According to official narrative after the war, bribery was all but extinct. Yet the archives of the courts and police reveal that in these desperate times, the opportunities and incentives for soliciting bribes were myriad. Many people were willing to take great risks. They negotiated illegal deals to recover their apartments, which had often been taken over by government agencies or by squatters during wartime evacuations; to recover critical documents such as internal passports and work papers that had been lost or destroyed during the war; or to try to get family members released from custody.
Unlike the post-1953 period when such transactions nearly always involved cash, after the war most bribes were paid in kind. According to Soviet law, bribes could take the form of any item of value. In rural areas, people offered food, fabric, or bottles of alcohol. In the cities, the most common illicit gifts included jewelry, clothing, rugs, and apartment repairs or other services.
Indeed, my work analyzes bribery not simply as a crime or a moral transgression, though these are important elements of my research. I suggest that we also think of bribery as akin to a nuanced art form, a social practice with many creative dimensions. Stalin-era life provided prolific opportunities for money, gifts, and awards to change hands legally, for example. It was but a small step secretly to incorporate an illegal offering into these exchanges. Many transactions could conceal a bribe—pretending to lose at cards to an official, buying something from one’s boss for a high price, awarding an undeserving employee a prize. Suspicious legal authorities had a term for such covert deals that were not an obvious trade of cash for favors: the “masked bribe.” The petitioner who gave an imported prosthetic leg to a judge who had lost his leg at the front in exchange for a lenient sentence is just one example of a particularly inventive offering.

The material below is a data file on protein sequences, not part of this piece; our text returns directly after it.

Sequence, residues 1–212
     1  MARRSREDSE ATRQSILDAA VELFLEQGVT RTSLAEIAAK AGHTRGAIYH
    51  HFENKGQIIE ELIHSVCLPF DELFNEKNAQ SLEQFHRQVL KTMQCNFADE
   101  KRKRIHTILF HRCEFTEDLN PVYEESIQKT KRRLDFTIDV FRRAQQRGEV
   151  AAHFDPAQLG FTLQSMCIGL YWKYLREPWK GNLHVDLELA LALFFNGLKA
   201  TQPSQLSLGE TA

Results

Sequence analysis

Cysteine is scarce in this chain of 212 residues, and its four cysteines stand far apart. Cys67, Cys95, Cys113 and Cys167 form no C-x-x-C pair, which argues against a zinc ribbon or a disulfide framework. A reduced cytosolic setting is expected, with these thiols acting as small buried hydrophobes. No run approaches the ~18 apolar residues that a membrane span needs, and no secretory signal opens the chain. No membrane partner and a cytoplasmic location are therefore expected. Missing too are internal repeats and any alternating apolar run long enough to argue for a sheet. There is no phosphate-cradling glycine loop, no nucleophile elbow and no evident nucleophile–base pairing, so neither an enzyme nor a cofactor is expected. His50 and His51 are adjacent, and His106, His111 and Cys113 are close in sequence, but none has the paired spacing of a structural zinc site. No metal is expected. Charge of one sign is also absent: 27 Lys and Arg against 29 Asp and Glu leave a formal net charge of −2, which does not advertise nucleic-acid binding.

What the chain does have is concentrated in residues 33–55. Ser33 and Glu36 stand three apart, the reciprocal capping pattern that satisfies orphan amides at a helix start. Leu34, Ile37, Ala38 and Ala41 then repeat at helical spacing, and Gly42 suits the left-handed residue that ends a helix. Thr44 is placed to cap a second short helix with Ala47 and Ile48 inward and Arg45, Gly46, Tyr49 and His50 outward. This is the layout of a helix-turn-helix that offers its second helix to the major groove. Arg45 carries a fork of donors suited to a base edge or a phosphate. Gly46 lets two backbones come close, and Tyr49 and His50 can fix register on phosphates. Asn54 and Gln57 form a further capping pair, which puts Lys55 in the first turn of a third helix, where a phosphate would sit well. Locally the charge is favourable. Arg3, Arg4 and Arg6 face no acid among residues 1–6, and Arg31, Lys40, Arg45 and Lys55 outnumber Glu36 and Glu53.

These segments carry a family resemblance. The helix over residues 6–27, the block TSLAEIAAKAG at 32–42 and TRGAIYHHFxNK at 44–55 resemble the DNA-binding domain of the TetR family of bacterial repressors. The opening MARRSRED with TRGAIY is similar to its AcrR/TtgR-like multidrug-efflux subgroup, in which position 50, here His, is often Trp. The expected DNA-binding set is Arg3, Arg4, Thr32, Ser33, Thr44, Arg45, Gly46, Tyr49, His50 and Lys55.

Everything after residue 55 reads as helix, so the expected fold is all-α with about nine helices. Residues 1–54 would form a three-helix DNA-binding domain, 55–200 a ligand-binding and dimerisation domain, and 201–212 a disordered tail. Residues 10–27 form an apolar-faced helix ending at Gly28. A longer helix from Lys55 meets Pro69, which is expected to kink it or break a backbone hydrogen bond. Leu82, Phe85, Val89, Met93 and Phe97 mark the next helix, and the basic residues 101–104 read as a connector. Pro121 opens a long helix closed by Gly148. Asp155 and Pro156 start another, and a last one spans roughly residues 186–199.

Most often, people disguised transactions with officials in traditional cultures of gift giving. If caught, they could defend themselves by claiming that they had merely given (or accepted) a traditional “token of appreciation” for a job well done. Of course, the boundaries between a gift, a bribe, a tip, and a favor were frequently blurry and porous. These lines were confusing for officials, for ordinary people, and for the prosecutors responsible for determining whether these actions were crimes.
At the same time, many Soviet people mastered the critical skill of discerning who was likely to accept an illegal gift, and who was not. During an interrogation in 1946, for example, a man being questioned offered an Odessa regional investigator a cherry. The investigator accepted the piece of fruit. The accused said that he instantly intuited that the investigator would also accept a bribe. He and his wife later offered the investigator 12 kilograms of cherries and 3,000 rubles in cash. The deal to drop the charges was sealed.
The idea that bribery can be a creative act is an important framework for my work. In postwar conditions, desperation bred resourcefulness. Amid harsh repressions, ordinary people and officials made informal deals of all kinds. Soviet people who risked entering deals with officials were not merely cowed and passive victims; they took an active part in attempting to shape their fates.
James Heinzen is professor of history at Rowan University in New Jersey, where he teaches Russian and European history. The author of Inventing a Soviet Countryside: State Power and the Transformation of Rural Russia, 1917–1929, Heinzen lives in Strafford, PA.